Union backlash as firefighters sent into fires with breathing equipment turned off


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The Fire Brigades Union (FBU) has reported two fire and rescue services to the Health and Safety Executive (HSE), and identified several others in relation to bringing in policy which would see firefighters sent into fires with their breathing equipment turned off, in a newly published letter.

The policy change involves instructing firefighters to go beyond the point of safe air with their breathing equipment turned off in high-rise building fires which the union say breaks health and safety law. The policy had previously been struck down in London by the fire service’s health and safety advisory panel due to being unsafe.  

The letter calls for the HSE to “investigate our complaint and use its statutory powers to bring an end” to this policy. Hampshire & Isle of Wight and Dorset & Wiltshire fire and rescue services have both brought in the change. 

Riccardo la Torre, Fire Brigades Union national officer, said: “This procedure is unsafe, unlawful and unprofessional, and puts firefighters and the public at greater risk. It tears up half a century of health and safety law, best practice guidance, manufacturers’ instructions, and firefighter training. It will not make living and working in high rise buildings safer or tackle the wider crisis in building safety. It simply puts firefighters and residents at greater risk.

“Those chiefs imposing this policy have worked harder to take the breathing masks off of firefighters’ faces than they have to get flammable cladding off of people’s homes. It is scarcely believable that the recent fire and rescue white paper appears to propose giving fire and rescue chiefs more power over decisions such as these, and reducing workers’ voices. Some fire and rescue chiefs simply cannot be trusted to get vital decisions like these right.

“The policy aims to push firefighters beyond the duration of a breathing set, let’s be clear that means placing firefighters beyond the point of rescue if they become injured or trapped. Fire Bosses would do well to remember that the safety procedures they are ripping up exist for a reason, they were borne from the death and injury of firefighters. The NFCC and local fire services need to do the right thing and turn their backs on this policy.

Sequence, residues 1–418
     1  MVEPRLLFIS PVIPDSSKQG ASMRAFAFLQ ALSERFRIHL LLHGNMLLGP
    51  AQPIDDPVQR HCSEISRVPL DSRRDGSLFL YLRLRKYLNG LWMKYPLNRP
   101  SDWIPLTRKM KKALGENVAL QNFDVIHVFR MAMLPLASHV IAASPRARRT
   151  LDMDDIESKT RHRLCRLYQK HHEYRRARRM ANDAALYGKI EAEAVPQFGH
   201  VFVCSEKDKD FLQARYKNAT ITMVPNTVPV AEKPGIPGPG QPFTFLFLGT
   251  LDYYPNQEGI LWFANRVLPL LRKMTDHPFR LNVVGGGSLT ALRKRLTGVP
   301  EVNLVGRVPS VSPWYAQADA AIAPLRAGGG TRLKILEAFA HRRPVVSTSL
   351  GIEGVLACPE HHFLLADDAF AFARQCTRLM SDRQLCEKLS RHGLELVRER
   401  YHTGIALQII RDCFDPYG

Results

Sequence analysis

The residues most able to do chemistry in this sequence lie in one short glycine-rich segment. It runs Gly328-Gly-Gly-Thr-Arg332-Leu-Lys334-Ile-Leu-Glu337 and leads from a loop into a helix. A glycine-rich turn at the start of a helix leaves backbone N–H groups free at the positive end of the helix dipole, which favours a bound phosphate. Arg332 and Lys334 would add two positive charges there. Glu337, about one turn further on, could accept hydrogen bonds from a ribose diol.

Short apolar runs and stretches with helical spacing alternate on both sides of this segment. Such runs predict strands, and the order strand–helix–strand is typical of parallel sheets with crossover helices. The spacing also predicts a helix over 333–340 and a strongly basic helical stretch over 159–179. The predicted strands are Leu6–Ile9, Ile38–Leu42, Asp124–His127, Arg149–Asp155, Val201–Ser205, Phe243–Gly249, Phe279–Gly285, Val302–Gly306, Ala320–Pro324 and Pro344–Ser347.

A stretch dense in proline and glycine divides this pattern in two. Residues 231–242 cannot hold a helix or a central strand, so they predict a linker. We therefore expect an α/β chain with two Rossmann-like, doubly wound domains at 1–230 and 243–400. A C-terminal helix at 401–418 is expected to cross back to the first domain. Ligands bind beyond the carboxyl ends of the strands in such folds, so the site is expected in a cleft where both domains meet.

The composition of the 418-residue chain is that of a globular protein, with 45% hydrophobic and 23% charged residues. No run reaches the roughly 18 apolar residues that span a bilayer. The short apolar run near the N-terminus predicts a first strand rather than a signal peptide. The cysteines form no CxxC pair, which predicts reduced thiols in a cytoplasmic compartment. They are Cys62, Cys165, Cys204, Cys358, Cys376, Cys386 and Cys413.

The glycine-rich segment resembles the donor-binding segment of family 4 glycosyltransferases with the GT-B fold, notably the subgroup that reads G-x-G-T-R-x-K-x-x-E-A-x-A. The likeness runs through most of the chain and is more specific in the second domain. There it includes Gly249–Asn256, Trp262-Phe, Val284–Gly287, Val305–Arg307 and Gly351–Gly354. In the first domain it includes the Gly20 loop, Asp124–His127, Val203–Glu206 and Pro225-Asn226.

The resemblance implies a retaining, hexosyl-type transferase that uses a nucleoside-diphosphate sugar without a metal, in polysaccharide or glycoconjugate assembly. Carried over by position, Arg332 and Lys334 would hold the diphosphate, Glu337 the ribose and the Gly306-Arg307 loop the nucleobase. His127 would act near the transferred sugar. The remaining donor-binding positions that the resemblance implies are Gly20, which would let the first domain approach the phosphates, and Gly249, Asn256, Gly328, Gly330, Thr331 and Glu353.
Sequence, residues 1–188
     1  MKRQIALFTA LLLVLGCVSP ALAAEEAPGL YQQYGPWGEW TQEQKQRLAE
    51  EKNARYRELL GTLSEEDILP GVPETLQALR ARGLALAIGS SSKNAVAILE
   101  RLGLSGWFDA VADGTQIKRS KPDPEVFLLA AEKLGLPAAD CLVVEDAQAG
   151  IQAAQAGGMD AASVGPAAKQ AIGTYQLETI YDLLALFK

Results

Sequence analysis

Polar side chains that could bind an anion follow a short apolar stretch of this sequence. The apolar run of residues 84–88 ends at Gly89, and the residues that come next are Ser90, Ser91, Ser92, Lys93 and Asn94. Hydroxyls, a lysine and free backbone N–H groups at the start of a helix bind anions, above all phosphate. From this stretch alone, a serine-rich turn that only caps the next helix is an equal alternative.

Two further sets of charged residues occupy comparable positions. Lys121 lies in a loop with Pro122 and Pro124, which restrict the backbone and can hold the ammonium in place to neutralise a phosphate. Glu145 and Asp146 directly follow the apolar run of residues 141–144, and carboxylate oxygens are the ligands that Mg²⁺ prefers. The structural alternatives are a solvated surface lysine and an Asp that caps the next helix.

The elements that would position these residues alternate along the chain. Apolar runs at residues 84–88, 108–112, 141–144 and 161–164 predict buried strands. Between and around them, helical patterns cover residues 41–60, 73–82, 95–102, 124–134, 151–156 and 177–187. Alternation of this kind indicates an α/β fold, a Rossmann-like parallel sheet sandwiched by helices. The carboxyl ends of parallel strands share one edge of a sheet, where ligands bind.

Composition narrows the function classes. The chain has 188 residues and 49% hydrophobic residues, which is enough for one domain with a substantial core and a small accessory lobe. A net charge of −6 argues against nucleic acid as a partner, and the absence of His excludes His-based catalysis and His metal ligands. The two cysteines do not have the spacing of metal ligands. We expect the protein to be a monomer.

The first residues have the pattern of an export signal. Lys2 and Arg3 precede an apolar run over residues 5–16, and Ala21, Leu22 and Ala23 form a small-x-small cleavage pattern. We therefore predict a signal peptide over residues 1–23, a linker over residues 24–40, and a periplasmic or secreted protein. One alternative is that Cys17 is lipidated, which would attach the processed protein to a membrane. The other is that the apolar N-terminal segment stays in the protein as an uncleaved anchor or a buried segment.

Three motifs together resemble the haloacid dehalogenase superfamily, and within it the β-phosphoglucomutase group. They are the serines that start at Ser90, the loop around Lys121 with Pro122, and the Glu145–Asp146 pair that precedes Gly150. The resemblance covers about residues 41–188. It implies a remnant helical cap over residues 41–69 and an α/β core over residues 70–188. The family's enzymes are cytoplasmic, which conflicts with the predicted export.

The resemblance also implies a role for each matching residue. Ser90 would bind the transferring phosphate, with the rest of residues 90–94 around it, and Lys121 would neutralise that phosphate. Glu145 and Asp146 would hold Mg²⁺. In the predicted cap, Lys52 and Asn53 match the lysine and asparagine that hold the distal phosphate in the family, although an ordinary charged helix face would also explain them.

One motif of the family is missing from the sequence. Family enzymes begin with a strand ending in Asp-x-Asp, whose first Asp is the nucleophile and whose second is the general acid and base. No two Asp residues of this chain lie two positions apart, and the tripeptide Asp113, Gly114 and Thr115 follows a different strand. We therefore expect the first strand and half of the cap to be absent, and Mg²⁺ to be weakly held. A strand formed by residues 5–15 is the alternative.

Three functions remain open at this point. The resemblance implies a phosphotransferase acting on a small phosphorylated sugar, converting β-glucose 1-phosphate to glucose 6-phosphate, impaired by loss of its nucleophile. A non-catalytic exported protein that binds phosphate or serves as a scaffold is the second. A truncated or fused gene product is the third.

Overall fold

“Following the IARC categorisation of the profession as class 1 carcinogenic, the highest level of certainty, it’s nothing less than scandalous that the NFCC continue with attempts to remove the very PPE that helps protect firefighters from that risk. Firefighters aren’t cannon fodder and don’t deserve to be treated as such”.

The Fire Brigades Union, which represents firefighters across the UK, said the policy is dangerous because:

  • Rapid expansions of fire may mean that firefighters cannot turn on breathing equipment before they are overwhelmed
  • Breathing apparatus are designed to be started in clean air conditions, with manufacturer instructions and user manuals making this clear
  • Any faults with BA sets may only be discovered when they have been started and firefighters are in the middle of the fire
  • Firefighters may breathe in toxic gases that are difficult to detect, such as carbon monoxide
  • Changing conditions may mean firefighters with their breathing equipment off may end up beyond the point later firefighters (with their own breathing equipment time-limited) can reach to rescue them
  • The union is also concerned that its officer members who are made to implement the policy could be subject to criminal charges, due to health and safety law breaches
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